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Introducing a New Pet to Your Skye Terrier

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Tags: Skye Terrier, Socialization, Puppies

Healthy Boston Terrier Puppies For Sa…



Los Angeles, CA

Boston Terrier

Bringing a new puppy into the family with a Skye Terrier can be a trying time for all. It is important to remember that the reactions of your Skye to the new puppy may be much more involved than you realize. You should protect the new puppy from potential harm from the Skye but you need to allow them to establish a natural order for doing things as well.

Dogs in general but Skyes in particular are pack animals and need the structure of a pack in order to know their places and be happy. Whenever a new person or animal is brought into the pack there are going to be moments when your Skye is going to make his bid for dominance in the pecking order. You need to have rules and enforce the rules but you also need to allow the new puppy to learn its place in the hierarchy as well as your Skye.

You want to make a point of never leaving the new puppy and Skye together unsupervised and you want to watch carefully as they interact. Chances are your Skye will eventually grow resigned, at the very least, to the fact that the new puppy is there to stay and either learn to incorporate the new puppy into the pack or work studiously to disregard the new puppy all together.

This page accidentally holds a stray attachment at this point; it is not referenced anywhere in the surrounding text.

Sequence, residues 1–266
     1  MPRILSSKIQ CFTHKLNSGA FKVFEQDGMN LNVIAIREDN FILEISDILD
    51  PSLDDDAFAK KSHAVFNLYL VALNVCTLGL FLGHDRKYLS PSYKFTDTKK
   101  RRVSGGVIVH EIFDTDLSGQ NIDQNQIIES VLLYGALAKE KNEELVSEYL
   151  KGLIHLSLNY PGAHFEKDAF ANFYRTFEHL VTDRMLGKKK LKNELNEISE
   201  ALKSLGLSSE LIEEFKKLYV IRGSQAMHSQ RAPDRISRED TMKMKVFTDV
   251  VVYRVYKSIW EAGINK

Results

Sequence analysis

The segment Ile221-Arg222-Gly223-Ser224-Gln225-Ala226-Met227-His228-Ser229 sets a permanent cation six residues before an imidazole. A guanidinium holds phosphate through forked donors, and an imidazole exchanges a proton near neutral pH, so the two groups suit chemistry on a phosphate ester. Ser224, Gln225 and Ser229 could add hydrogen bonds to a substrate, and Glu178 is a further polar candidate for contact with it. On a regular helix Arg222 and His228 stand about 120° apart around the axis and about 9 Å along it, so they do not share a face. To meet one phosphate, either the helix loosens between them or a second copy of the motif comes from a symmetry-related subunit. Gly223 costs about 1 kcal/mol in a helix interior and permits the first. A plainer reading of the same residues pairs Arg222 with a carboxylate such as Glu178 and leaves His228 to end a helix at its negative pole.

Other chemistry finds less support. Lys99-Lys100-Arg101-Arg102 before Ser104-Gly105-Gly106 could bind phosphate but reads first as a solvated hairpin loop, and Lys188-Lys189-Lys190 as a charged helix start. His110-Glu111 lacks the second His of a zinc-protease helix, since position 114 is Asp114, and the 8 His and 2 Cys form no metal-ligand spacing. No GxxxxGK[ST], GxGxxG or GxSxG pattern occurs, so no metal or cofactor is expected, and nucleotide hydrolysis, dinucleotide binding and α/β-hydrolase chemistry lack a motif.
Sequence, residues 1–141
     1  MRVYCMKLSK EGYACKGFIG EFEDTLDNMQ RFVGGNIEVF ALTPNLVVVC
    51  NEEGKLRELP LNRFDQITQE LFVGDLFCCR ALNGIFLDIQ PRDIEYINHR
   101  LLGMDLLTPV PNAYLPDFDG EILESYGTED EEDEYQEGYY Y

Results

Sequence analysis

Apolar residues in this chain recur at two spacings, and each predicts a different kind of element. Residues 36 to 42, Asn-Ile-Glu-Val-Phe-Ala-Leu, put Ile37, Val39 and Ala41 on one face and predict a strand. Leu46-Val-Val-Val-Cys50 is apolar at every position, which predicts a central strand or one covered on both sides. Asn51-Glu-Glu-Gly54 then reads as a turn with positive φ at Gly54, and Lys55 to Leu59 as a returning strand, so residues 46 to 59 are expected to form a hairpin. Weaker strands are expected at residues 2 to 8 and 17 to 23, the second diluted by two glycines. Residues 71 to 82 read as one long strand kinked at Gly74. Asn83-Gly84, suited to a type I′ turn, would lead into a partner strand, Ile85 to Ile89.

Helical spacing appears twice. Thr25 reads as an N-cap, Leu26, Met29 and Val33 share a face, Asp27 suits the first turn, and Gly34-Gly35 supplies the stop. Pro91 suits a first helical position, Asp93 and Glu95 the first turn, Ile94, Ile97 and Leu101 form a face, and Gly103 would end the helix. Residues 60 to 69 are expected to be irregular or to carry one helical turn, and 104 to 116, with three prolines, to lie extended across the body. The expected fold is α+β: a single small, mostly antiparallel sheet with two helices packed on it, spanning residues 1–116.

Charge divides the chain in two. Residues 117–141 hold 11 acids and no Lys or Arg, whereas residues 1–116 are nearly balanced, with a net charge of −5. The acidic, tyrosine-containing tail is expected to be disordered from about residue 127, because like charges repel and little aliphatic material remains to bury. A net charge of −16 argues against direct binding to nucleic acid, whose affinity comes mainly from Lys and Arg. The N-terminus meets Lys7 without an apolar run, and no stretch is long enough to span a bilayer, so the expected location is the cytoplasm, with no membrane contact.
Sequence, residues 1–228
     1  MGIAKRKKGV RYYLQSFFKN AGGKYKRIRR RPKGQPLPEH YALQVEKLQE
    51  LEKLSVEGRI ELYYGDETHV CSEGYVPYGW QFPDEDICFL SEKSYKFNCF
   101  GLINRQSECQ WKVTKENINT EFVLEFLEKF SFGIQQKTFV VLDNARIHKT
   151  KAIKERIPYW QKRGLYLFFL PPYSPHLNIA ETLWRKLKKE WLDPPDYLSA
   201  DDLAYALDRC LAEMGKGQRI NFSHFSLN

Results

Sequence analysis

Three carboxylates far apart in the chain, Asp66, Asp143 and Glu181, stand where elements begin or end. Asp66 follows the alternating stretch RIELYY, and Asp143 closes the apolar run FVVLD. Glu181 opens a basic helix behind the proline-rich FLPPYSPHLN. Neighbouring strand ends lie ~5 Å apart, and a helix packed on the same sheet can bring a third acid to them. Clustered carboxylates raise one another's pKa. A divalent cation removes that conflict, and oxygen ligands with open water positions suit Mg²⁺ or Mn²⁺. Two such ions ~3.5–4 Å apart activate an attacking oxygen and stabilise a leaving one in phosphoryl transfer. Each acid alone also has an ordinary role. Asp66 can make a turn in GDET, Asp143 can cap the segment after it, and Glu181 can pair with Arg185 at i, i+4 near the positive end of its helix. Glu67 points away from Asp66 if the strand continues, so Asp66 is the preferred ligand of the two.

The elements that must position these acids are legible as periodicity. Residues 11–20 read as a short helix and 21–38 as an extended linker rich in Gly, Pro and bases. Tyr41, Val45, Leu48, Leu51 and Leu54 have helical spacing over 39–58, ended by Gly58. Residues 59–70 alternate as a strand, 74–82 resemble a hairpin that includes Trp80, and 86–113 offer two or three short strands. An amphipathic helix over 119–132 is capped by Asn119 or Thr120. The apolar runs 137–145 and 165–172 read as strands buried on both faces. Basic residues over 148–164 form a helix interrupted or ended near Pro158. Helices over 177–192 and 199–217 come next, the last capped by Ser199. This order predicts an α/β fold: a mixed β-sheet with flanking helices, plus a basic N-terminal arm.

Adding another puppy to the mix may sound like an enticing prospect, especially as your Skye ages and loses some of the puppy qualities that many puppy owners really love. You need to think carefully about what it means to own two puppies before making the decision especially when one of those puppies is a Skye Terrier. Skyes are not very sociable by nature and will feel threatened by the new puppy to some degree. There will be struggles among the puppies and a little bit of 'acting out' on behalf of your Skye. You need to nip the acting out in the bud or it could prove to be very problematic later on.

You should also consider having both dogs neutered to diminish some of their more aggressive tendencies before they have the opportunity to become a problem. Of course, this won't eliminate them all together but may help make them a little less destructive. Not only is it likely that the two puppies will fight on occasion, especially as they age but also that they will vie for your affection and attention. Unfortunately this is sometimes accomplished, especially on the part of Skyes by being destructive.

Ultimately, you will want to introduce your Skye to a new puppy very carefully if at all. General recommendations are not to have more than one puppy but that simply doesn't work for some families and some breeds. If you are going to have two puppies with a Skye Terrier it is best to bring them up together from puppies rather than introducing a new puppy to the pack when your Skye is older.

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Introducing a New Pet to Your Skye Terrier
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